My friend, artist Edka Jarząb, and I edited a track of the assembled recordings. In this way, a recording of a demonstration that never took place in a physical form was created. The day parliament voted for the law, the recording of protesters shouting was played from windows and balconies, from cars, and on the way to the shop (also next to the parliament building). And thanks to that we could all shout together and our voice was heard. I think that such a “speaker protest” can be an effective tool for protesting when gathering is prohibited.

A few days ago, I left Warsaw for the first time since the beginning of March. I am currently at a friend’s house in the countryside and I finally feel that the stress and tension associated with the current situation are starting to fade away.

Do you think you will have a different attitude to life and art when this crisis is over?

I don’t know yet how this pandemic will affect my life. It is difficult to say anything at the moment. I have both negative and positive thoughts on the potential effects. Certainly, this virus emerged at a time when the world dramatically needed a change. We lived in such a terrible rush and overproduction that sooner or later something had to happen to stop it. Last year in climate change movements, we postulated a reduction in consumption and a reduction in flights. Now all this has stopped – not by the will of people, but through the “decision” of a microorganism. My solo show in Rome, Buona Fortuna, has been closed for three months because of the coronavirus.

Next week [end of June, editor’s note], it will be open again at last. I have a strange feeling when I think of this show, which talks about the disaster caused by our arrogant approach to the planet through a series of “Zoe-Therapy” works in which bacteria take revenge for human dominance… and finally a real virus unexpectedly emerges and the show gets closed for three months… When we discussed the title with curator Kuba Gawkowski a few weeks before the opening, this irony of Buona Fortuna was as important for us as the hope visible in the exhibition. I feel that this virus is the last call for change. We can’t miss the chance. The world as it was will probably not come back. The question is in what ways it will change. It could change for the better – a pandemic can be a chance to look for and implement new economic solutions and models. Unfortunately, I’m afraid that the first real effect, which will soon emerge, will be a radical deepening of class differences. I’m also worried about our freedom and the future of democracy.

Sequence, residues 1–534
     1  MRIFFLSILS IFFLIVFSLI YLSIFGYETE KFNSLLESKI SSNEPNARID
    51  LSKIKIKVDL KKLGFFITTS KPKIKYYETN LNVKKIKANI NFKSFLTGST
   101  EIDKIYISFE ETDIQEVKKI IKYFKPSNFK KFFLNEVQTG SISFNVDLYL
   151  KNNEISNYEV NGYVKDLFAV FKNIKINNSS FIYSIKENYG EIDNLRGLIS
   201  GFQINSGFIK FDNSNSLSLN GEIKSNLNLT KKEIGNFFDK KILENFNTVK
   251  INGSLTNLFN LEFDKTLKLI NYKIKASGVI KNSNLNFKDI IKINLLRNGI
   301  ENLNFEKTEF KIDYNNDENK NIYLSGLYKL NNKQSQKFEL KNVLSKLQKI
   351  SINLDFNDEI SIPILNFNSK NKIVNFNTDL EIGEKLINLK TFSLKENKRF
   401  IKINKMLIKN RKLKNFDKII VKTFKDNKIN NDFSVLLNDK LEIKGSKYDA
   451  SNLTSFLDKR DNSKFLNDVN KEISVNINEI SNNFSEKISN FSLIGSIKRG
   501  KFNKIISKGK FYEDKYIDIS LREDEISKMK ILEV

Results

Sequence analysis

© Andrea Veneri

Diana Lelonek, exhibition view: “Buona Fortuna”, Fondazione Pastificio Cerere, Róma/Rome, 2020. Photo: © Andrea Veneri

When it comes to art – well, I think it will be difficult. Almost all exhibitions, conferences, debates and festivals I planned for this year have been cancelled. Artists received practically no support from the state. Post-pandemic public funding of the arts and culture is likely to be much poorer. Institutions are already experiencing cuts to their funding, and this can result in a lack of salaries for artists. The many years we spent trying to receive a fair payment for our labour and ensuring exhibition fees might get lost. Recently, I heard an interview in which a well-known Polish actor (a very well-off person) said that artists would manage because “a hungry artist is a prolific artist.” Unfortunately, this myth still persists within our society.

The second issue – employees in the cultural sector are to a large extent employed on zero-hour contracts or contracts that pay little and provide neither stability nor social security (civil law contracts used in a pathological way); they are currently deprived of income, and this will not revert to the previous state even after the restrictions are removed – it may get worse for cultural workers than it ever was.

In what way do you think this virus has fundamentally changed our lives? Has it changed our lives at all? What can we learn from the pandemic?